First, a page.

In the fall of 1980, Peters was on a tear, with speeches scheduled nearly every day. Word about the excellent companies was out, and Peters was flying all over the place in an effort to keep up with response. Then, one Sunday night in November, he found himself in the hospital with a severely injured Achilles tendon, several cracked ribs, and a dislocated shoulder -- the result of a car accident. For the next two weeks, he had plenty of time to think about what he was going to do with his life. "It was mid-life crisis time," he says, only half joking.
He realized that he had been tired and under enormous stress, that it was time to slow down. It was time to write the book. In order to develop the book's theoretical base, he had to go back to motivational theory he had not looked at since he was in graduate school. He surrounded his hospital bed with "eighty-seven hundred books" and read.
By the time he left the hospital, Peters was ready to start drafting the book. He and Waterman had already put together a summary of their findings for McKinsey, a 120-page report that became known as "The Orange Book," for the color of its cover. With this report in hand, Peters thought that drafting the book would be "a piece of cake."
He was wrong. He spent months sifting through the material. At times, he admits, he himself wondered whether the information was really common sense degenerated into trivia, but he plugged on. He passed his outpouring to Waterman, who went through it chapter by chapter then passed it back.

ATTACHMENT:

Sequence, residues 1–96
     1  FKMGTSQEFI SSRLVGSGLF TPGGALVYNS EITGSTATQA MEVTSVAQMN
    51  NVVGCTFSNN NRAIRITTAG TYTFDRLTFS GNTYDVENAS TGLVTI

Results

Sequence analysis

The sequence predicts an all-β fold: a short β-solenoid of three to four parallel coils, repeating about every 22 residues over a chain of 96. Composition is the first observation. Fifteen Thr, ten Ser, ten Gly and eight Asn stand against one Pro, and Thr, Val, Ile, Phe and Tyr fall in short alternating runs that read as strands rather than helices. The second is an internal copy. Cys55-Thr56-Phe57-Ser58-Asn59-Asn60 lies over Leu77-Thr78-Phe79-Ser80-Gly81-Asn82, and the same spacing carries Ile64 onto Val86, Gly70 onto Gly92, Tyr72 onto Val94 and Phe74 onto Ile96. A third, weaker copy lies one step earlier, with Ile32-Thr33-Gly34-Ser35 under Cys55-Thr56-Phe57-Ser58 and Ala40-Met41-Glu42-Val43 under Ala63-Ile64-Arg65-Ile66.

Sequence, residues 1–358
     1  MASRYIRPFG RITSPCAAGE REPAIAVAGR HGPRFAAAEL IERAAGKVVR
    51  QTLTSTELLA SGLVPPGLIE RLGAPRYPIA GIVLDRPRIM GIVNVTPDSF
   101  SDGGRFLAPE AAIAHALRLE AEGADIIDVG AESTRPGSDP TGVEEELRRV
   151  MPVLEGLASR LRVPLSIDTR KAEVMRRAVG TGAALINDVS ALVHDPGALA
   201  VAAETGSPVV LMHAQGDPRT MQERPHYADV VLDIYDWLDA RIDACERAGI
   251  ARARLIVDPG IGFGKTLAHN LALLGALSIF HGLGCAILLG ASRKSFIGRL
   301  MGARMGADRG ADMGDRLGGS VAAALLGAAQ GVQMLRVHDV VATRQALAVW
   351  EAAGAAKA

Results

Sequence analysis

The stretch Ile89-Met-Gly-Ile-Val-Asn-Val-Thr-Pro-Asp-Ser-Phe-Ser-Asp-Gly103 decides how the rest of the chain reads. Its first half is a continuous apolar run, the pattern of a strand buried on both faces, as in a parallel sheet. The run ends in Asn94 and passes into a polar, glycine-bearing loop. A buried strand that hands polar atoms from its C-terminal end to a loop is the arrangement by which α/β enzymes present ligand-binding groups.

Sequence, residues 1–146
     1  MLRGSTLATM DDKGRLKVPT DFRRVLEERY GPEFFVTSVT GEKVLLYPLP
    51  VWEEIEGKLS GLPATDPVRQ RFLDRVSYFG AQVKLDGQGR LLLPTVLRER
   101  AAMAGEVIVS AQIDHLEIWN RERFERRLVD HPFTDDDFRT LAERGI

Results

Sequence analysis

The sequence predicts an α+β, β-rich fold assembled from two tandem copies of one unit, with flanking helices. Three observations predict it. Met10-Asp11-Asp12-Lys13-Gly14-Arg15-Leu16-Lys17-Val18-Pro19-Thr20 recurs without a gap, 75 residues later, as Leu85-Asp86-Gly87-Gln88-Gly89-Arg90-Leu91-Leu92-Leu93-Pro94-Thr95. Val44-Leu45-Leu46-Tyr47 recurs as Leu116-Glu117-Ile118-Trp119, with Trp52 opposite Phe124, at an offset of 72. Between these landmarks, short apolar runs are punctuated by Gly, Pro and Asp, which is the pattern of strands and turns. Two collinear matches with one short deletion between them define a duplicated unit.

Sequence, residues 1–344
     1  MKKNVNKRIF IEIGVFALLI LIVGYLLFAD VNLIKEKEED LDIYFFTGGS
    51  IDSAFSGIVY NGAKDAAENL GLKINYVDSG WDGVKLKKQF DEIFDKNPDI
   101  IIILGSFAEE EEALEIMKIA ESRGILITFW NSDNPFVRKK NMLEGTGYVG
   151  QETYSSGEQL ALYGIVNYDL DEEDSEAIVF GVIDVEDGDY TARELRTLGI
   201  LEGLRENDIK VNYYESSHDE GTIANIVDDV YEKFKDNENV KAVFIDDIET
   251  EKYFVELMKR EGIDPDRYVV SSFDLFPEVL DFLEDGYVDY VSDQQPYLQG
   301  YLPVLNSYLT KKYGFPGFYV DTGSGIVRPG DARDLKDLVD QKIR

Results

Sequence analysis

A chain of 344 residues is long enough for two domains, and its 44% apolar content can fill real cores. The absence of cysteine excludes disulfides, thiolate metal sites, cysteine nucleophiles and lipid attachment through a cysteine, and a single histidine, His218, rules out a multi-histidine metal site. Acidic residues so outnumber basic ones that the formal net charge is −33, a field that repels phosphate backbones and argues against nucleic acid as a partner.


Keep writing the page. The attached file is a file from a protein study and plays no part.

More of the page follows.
The draft went back and forth between Peters and Waterman and a McKinsey research librarian, Jennifer Futernick, and it ultimately was sent to an editor, John Cox. It was handed to Harper & Row in January 1982.
That spring, the co-authors parted ways. Waterman stayed on as a director at McKinsey, but Peters left to set up Palo Alto Consulting Center. McKinsey had been a good platform, and its reputation had provided access to some of the world's best-run companies, but Peters really was not comfortable there. Moreover, he felt ready to go out on his own. He decided to focus his consulting practice on what he loosely called helping companies achieve, rekindle, or maintain corporate excellence.